Testing Plastics

 

We were advised to scan different types of polymers to better understand the device. Polymers are thin and have good reflectance, thus giving  good consistent output as it’s easily measurable. Scanning polymers is also convenient because it would be easy to scan on the FTIR Spectrometry machine in the lab in the Chemical Engineering faculty.

Materials we scanned:

  • Cellofaan (Cellophane)

cello

4

  • PPS

pps

1

  • PI (1)

pi1

5

  • PI (2)

PI2

7

  • PEI

pei

6

  • PP (1)

pp1

3

  • PP (2)

pp2

2

We also scanned 47 times to check if the output will remain constant:

 

Screenshot_2015-10-27-00-05-42

Findings:

  1. Each of the polymers were scanned 3 times. From that we observed the following:
  • Looking at the different graphs from all the scans we can see differences in the graphs with different materials.
  • The three lines from the three scans correspond with each other, but most of the times one line does differ more. The line of result that differs mostly has the same shape but is moved up a  bit. It lags behind so to say.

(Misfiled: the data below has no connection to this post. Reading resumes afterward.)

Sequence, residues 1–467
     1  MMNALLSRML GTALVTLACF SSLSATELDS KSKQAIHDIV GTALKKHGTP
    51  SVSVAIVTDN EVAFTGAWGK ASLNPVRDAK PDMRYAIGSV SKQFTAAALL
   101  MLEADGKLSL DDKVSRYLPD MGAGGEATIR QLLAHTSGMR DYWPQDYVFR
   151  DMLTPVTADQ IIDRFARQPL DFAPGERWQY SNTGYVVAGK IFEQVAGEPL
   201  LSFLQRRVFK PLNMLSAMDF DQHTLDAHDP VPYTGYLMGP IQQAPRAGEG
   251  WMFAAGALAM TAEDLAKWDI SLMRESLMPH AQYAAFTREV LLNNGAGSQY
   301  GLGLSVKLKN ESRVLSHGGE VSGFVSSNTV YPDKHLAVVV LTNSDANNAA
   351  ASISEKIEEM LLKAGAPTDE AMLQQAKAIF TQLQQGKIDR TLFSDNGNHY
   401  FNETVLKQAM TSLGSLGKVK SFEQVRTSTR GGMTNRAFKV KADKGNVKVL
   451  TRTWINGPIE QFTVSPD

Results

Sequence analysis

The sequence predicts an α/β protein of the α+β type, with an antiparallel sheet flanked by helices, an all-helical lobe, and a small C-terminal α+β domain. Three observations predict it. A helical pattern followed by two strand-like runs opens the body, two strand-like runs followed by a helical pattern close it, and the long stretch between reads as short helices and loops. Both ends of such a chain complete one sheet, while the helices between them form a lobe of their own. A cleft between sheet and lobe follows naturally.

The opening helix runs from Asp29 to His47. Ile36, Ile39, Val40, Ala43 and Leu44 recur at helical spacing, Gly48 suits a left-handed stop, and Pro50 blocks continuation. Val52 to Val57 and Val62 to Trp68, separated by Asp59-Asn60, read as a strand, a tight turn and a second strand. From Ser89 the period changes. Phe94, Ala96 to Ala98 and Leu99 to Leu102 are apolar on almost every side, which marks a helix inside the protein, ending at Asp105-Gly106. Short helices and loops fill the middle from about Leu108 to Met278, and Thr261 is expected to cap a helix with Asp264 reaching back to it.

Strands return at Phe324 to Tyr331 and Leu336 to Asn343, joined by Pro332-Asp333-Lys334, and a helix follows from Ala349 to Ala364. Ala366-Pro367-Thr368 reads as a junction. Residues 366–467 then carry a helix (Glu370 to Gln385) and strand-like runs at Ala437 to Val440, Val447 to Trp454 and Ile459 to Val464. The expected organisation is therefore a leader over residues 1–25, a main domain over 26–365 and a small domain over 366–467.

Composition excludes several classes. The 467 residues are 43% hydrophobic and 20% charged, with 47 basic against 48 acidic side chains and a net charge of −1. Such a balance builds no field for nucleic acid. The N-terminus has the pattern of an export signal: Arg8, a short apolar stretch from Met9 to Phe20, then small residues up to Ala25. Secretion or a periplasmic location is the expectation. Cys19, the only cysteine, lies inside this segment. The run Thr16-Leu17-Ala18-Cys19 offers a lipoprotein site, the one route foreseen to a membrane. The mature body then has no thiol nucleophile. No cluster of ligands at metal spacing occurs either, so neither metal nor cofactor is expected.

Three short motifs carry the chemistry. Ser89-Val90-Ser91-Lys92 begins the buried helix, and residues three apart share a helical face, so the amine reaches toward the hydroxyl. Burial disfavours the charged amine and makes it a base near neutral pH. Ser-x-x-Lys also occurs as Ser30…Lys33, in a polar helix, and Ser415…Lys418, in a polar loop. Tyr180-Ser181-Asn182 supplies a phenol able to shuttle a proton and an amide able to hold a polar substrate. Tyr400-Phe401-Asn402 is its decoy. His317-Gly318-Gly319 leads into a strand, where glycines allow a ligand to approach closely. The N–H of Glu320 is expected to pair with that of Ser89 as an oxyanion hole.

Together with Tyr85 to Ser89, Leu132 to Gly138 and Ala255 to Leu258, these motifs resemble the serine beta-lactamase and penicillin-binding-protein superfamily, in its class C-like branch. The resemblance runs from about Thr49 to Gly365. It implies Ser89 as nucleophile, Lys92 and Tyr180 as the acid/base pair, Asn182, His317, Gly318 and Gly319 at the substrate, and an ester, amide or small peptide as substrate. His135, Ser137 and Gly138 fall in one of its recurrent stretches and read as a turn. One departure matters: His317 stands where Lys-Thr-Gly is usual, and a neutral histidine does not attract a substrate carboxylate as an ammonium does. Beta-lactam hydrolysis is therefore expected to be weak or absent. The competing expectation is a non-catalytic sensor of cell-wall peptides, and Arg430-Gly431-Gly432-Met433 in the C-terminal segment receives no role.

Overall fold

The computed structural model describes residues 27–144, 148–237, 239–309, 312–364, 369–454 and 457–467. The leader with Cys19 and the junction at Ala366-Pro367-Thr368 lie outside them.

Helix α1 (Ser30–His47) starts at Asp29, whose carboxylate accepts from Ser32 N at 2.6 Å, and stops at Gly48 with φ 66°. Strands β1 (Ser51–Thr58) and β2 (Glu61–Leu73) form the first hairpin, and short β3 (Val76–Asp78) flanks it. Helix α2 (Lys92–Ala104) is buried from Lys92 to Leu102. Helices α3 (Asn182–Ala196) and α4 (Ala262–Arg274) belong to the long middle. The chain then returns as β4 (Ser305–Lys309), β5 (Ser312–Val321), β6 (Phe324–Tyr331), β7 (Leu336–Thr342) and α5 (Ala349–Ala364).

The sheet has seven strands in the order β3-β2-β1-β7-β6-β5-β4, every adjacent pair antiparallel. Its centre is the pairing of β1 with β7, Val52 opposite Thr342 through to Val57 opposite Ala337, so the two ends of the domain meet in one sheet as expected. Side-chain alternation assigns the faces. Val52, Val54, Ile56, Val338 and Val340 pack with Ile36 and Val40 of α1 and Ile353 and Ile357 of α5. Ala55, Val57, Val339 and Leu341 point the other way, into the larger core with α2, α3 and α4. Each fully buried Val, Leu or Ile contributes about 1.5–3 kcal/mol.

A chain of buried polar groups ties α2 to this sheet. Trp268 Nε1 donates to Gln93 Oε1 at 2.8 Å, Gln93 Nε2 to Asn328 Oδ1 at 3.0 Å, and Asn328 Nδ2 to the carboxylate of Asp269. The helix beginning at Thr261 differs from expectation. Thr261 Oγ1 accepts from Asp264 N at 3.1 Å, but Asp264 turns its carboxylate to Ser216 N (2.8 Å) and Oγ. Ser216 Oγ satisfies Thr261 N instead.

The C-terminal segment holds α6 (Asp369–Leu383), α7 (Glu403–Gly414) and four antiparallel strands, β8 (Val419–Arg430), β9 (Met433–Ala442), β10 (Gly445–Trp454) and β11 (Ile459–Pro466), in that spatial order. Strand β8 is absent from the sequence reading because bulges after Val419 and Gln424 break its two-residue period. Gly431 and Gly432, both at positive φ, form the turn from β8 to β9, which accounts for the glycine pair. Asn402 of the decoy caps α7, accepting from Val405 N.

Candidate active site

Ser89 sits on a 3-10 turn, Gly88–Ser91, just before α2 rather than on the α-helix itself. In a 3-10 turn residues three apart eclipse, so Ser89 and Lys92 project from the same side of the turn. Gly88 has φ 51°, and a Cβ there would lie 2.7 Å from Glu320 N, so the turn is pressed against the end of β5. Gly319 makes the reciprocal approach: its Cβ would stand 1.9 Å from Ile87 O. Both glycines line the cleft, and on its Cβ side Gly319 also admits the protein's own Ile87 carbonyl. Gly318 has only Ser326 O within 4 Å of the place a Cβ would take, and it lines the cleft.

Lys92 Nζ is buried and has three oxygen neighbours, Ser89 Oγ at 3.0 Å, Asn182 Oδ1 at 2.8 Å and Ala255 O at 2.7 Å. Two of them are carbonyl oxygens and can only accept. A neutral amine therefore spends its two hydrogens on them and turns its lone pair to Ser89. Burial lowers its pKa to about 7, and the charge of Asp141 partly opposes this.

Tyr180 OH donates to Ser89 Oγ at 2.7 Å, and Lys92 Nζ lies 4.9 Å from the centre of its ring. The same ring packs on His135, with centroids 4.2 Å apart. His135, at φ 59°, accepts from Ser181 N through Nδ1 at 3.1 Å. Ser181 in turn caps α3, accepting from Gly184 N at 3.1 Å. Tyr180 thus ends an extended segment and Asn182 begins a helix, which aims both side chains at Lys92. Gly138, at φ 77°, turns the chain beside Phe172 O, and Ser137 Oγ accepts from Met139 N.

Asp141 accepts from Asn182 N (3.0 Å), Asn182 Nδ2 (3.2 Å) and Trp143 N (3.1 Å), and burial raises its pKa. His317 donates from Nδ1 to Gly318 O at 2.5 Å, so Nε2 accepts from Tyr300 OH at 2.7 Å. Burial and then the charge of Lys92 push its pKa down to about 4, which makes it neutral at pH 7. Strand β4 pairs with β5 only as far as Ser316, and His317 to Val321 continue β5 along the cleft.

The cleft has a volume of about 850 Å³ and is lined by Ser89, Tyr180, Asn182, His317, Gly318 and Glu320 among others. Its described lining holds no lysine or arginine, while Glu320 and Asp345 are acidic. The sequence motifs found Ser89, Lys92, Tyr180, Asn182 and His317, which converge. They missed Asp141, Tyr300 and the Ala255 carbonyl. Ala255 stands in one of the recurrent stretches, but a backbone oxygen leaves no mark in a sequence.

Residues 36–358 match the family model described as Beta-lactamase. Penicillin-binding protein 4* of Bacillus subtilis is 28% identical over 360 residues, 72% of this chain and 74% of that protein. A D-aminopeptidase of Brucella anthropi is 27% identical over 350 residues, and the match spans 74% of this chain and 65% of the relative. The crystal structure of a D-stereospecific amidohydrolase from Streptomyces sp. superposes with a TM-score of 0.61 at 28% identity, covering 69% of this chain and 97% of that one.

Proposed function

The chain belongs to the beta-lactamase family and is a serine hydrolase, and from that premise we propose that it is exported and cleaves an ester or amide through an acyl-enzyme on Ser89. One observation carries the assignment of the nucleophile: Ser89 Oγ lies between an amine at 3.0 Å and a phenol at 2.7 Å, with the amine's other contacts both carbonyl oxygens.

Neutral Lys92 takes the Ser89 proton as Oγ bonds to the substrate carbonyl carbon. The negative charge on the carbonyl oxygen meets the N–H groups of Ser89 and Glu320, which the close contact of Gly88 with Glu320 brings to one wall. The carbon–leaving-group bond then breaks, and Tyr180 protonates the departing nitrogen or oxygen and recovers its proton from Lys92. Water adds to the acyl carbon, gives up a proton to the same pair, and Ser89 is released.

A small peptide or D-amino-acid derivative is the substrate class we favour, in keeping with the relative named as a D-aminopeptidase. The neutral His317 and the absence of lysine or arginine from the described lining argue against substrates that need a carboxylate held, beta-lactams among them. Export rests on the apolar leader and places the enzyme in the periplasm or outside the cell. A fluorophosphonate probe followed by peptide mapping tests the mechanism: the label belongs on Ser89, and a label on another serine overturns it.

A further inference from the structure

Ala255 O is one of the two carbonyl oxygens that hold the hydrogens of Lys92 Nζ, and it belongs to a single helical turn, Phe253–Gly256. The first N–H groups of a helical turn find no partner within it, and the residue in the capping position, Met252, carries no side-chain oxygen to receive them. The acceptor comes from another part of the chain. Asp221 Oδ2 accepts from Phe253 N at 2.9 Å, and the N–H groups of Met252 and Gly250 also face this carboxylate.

2.  After scanning PP for 47 times, we found that:

  • The results have a very big fluctuation. it is a complete blur of lines. It seems like a very unreliable set of results.
  • When looking at the graph at a different size, the results make some sense.
  • You can see that the results of 2 different scans are the same material.

The next step’s to scan all of the above with the FTIR Spectrometry machine in the lab.

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